Published: Thursday, February 7, 2013
Updated: Thursday, February 7, 2013 15:02
Boundless Learning, a Boston-based startup company that offers students digital textbooks at no cost, has seen consistent growth in membership since its arrival on campus last semester.
Over 300 students have signed up for the free service since the beginning of the semester, according to Boundless Campus Marketing Manager John Kwon. Boundless experts generate digital versions of textbooks assigned to university classes by compiling information available publicly under Creative Common licenses.
“All of our online stuff is tailored to the assigned textbook in your class,” Kwon, a junior, said. “It would cover the exact same concepts in your textbook in the exact same order,” he said. “It is just a way easier, more effective and cheaper alternative.”
As long as sources are cited, the information can be used without running the risk of plagiarism, according to Vice President of Marketing Healy Jones.
“We use information that has been created by the government and research institutions and even Wikipedia to create textbooks that are available in digital format completely for free,” Jones said.
The Boundless website currently offers textbooks on 18 basic college subjects including microbiology, art history and accounting. The company also offers textbooks for specific classes at participating universities.
Educators can also provide Boundless with their course syllabi, and Boundless will align the content of the textbook to the course material. Professors can then send their students links to their tailored online Boundless course.
Students who register are also able to create and use additional study tools such as flashcards, study guides and quizzes.
Tufts’ Boundless representatives have been posting flyers around campus, tabling at the Mayer Campus Center and making announcements at introductory level courses, according to Kwon.
The initial idea for Boundless was conceived in 2010, when Co-Founders Ariel Diaz and Aaron White realized how high the cost of college textbooks had risen, Jones said.
“The rate of inflation of textbook prices is I think three times the rate of general inflation,” Jones said. “The price of textbooks are increasing faster than [the price of] medical care.”
The company officially launched in 2011 in Boston area schools including Babson College, Massachusetts Institute of Technology and Harvard University. It has since spread to over 2,000 colleges across the country reaching as far as the University of Minnesota and the University of Florida, Jones said.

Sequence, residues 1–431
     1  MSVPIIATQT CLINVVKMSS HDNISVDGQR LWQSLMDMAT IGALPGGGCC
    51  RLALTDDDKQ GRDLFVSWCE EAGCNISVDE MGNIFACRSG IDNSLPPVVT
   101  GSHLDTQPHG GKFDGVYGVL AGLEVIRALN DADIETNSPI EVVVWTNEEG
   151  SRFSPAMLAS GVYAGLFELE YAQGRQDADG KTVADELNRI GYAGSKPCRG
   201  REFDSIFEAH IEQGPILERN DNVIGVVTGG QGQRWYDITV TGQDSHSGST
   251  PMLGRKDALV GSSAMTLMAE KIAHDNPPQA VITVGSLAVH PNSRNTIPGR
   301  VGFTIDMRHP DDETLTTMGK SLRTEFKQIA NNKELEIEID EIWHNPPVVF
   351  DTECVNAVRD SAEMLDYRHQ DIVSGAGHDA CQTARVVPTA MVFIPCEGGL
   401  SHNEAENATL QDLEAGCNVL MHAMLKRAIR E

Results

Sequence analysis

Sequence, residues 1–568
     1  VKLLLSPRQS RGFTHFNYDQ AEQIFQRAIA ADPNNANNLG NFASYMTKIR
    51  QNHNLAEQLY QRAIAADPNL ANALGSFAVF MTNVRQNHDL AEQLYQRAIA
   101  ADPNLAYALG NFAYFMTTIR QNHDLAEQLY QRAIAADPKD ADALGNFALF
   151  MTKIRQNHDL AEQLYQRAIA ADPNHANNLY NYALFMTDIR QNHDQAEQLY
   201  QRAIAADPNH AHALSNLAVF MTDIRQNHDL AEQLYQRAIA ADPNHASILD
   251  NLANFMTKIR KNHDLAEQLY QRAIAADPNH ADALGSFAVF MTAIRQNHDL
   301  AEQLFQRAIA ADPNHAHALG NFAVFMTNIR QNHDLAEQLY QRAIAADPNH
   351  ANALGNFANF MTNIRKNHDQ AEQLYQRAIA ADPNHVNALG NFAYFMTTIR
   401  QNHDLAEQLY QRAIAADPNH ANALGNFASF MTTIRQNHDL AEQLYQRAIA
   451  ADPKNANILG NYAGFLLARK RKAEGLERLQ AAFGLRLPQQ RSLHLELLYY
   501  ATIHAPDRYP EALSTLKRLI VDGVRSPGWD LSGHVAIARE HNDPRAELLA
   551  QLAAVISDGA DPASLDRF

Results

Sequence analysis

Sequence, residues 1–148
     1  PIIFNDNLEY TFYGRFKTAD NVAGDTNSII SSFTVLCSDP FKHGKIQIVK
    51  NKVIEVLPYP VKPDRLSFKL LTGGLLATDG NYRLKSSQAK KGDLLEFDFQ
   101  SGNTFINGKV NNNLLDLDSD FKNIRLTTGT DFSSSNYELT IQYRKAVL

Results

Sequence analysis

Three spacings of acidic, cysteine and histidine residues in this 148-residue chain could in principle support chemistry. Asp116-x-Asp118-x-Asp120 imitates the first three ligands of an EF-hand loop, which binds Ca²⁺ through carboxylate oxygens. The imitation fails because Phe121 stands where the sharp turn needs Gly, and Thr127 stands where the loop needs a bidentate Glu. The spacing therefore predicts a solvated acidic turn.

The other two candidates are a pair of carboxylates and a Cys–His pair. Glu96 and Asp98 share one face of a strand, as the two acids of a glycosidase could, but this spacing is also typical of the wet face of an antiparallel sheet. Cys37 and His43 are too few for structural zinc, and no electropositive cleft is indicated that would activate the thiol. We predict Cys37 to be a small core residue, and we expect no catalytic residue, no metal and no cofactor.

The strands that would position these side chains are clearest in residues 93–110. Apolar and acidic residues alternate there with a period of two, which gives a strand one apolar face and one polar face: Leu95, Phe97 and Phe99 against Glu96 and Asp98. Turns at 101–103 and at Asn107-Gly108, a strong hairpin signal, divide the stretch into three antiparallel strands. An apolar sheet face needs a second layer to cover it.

Jones noted that while the company has seen consistent growth since its inception, its development has not been without struggles.
Last April, three of the nation’s largest publishing companies — Pearson, Cengage Learning and Bedford, Freeman & Worth Publishing Group — sued Boundless for copyright infringement, Jones said.
“All the content — we write it,” he said. “We have Ph.Ds., masters students, TAs, that are writing the content for us. We wouldn’t be working here if we weren’t confident that we aren’t actually plagiarizing.”
Aside from the legal battles, the startup has faced challenges convincing students that its textbooks are an alternative that won’t jeopardize their academic success, Kwon said.
“To be honest, I think at such an academically driven school like Tufts, if the professor says you need to get this textbook to get that ‘A,’ a lot of students will get that textbook no matter how expensive it is,” he said.
Professor of Biology Michael Romero teaches Biology and the American Social Contract, one of the 12 courses with a textbook alternative on the Tufts Boundless site. Romero is unsure if the material on the website would be an adequate replacement for the textbook he assigns.
“Over the years I have made a huge effort to use the actual figures from the textbook I select in my lectures,” he said.
Romero, who was unaware that an alternative to the assigned textbook was being offered on the Boundless site, said while the online textbook would have much of the necessary information, it may be lacking some of the diagrams he relies on as teaching tools.
“I don’t see any reason why the students in my class couldn’t get the information from the [digital] textbook,” he said. “My point is that my actual lecture really goes into detail using the figures from the textbook that I’ve assigned. And those cannot be copied.”
Boundless recognizes that although it may not function as a comprehensive alternative to assigned textbooks, it can serve as an extensive study guide, Kwon said.
The company does not charge users any fee and is currently operating using the $10 million that the company raised as a startup foundation, Jones said. In the future, Boundless may consider offering tutoring services to generate profit, according to Jones. The company has also been approached by a number of academic institutions considering hiring Boundless to create textbooks that they would provide their students for free.
“We’re not making money right now,” Jones said. “We’re just trying to make really great content and get it in the hands of students.”